Courts have a big responsibility, one he does not refrain from sharing. “Working in court is not only doing the good work but also in letting folks know what we do and why we do it.” For that reason, he is involved in Law Day activities, which have been extended into Law Week. The court has mock trials with school children and citizen law school, which adults in the public can attend at no charge. It is important to him to reach young people so they can consider court management as a career and better understand the court system and how they can influence it. He includes outreach as an integral part of the strategic planning process. From frontline workers to chief judges, they all review the plan and talk about goals and objectives, one of which is community outreach.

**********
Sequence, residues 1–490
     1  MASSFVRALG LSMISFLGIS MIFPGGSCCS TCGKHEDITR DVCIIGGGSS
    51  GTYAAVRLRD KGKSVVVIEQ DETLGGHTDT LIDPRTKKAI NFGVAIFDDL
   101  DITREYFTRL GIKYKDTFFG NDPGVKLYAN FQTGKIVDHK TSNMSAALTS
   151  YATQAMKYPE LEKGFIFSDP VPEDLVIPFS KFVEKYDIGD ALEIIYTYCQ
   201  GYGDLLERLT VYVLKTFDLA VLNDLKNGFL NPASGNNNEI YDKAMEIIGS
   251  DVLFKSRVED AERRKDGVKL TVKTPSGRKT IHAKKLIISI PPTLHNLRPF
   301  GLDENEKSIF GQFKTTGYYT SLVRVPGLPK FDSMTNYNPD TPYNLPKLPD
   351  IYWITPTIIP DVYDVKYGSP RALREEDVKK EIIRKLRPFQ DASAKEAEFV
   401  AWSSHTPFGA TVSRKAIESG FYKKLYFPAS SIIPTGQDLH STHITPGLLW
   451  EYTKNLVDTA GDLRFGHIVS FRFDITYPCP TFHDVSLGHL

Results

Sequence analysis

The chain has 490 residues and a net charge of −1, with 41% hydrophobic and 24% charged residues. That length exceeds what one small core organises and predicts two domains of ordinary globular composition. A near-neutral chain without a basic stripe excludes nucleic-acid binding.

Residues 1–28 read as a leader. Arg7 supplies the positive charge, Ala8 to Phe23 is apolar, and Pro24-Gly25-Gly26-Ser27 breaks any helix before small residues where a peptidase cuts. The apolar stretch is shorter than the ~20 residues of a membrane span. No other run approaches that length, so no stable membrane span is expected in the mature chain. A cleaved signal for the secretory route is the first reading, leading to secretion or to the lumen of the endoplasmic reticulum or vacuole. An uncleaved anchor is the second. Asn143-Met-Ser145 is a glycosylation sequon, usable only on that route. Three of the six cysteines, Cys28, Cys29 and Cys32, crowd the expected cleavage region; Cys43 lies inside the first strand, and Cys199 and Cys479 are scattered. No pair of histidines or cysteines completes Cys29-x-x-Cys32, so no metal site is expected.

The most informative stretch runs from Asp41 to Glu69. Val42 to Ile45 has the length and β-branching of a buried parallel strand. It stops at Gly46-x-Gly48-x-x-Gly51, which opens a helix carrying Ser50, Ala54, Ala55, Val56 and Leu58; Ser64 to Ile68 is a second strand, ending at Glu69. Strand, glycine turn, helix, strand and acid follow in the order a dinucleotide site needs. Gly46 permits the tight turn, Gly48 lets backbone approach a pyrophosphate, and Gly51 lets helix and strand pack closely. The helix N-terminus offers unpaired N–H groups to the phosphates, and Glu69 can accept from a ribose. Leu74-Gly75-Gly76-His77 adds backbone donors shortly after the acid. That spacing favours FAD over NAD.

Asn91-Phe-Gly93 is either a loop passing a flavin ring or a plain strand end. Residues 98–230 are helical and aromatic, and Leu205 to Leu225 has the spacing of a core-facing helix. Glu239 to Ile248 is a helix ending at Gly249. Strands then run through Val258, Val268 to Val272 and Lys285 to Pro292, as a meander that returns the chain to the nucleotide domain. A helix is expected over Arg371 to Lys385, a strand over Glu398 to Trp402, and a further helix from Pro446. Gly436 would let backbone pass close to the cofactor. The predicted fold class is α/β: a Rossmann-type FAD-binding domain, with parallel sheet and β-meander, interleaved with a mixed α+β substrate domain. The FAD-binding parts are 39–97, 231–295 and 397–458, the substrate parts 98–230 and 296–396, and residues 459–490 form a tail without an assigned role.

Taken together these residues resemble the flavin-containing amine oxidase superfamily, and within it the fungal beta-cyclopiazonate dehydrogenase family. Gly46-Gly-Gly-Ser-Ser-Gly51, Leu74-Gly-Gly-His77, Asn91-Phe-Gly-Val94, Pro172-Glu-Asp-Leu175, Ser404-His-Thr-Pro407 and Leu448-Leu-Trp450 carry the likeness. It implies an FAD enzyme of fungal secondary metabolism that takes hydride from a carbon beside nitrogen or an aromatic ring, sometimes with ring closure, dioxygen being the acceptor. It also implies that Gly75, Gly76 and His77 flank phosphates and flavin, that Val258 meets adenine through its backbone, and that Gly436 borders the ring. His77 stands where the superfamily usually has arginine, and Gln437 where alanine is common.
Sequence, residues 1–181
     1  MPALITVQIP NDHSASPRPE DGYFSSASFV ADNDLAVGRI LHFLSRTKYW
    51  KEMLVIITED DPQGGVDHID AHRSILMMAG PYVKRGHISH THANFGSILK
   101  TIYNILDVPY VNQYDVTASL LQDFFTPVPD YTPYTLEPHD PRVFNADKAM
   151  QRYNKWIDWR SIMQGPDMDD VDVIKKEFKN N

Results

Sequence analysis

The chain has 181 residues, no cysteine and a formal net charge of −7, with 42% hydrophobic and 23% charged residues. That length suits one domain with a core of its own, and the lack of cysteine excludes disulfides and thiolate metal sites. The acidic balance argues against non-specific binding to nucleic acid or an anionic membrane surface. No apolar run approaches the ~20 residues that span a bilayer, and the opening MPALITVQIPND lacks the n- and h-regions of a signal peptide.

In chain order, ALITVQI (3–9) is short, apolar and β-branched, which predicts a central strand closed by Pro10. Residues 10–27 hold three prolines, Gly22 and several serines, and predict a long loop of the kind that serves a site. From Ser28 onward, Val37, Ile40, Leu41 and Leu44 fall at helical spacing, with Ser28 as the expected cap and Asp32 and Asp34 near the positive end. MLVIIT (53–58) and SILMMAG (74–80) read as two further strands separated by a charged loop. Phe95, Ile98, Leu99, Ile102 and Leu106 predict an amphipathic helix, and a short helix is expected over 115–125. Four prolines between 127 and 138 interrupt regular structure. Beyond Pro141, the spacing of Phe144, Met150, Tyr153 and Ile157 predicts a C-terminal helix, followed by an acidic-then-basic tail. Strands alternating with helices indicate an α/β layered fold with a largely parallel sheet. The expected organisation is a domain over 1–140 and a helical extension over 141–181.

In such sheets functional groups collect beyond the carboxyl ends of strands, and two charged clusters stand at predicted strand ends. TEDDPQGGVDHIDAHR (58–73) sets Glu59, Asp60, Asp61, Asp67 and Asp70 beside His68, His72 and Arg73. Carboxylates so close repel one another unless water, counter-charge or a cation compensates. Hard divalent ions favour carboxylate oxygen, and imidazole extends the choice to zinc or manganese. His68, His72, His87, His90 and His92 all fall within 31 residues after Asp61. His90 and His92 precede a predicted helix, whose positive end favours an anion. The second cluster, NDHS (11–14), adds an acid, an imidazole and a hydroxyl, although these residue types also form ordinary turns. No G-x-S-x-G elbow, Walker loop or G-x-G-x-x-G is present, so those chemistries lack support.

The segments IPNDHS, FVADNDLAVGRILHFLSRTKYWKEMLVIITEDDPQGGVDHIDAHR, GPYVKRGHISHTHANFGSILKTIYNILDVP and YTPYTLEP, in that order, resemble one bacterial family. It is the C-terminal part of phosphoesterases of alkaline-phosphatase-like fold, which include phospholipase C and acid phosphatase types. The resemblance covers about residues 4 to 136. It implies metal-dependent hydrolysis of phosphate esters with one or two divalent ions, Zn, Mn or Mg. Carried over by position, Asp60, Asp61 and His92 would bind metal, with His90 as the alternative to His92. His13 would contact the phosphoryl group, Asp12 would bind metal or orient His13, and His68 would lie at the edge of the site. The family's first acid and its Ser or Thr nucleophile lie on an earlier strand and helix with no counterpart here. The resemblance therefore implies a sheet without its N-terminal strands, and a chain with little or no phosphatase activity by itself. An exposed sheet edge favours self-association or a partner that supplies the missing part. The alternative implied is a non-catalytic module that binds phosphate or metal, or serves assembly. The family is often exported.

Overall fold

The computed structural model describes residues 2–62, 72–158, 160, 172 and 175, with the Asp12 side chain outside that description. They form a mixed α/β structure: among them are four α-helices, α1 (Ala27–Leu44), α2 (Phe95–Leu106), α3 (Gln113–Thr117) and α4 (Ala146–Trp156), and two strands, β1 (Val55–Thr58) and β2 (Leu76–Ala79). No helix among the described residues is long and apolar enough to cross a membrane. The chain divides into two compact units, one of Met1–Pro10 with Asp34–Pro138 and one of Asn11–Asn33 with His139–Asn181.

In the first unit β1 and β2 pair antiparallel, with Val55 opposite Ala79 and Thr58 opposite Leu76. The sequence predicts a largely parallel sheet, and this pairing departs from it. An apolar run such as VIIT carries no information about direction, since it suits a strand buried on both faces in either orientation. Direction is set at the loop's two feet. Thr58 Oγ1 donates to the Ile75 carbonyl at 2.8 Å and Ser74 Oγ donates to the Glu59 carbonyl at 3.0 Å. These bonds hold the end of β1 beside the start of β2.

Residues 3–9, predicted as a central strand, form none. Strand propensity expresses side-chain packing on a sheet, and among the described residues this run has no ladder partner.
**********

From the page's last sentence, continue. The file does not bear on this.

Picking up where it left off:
Another part of that strategic plan is employee development. “Courts are an employee heavy system,” he says, “Not like a private company where inventory sits on a warehouse shelf. Most resources in courts are the people.” In his experience courts have 70 to 80 percent of their budget in personnel, but this coequal judicial branch often receives less than 1 or 2 percent of government funding. This is important because crises at courts can center around people, such as dealing with labor unions or those employees who are not as committed to the mission of the courts. He says, “One of the most important goals of the court manager is learning how to better train and motivate staff to make them successful in what they do.”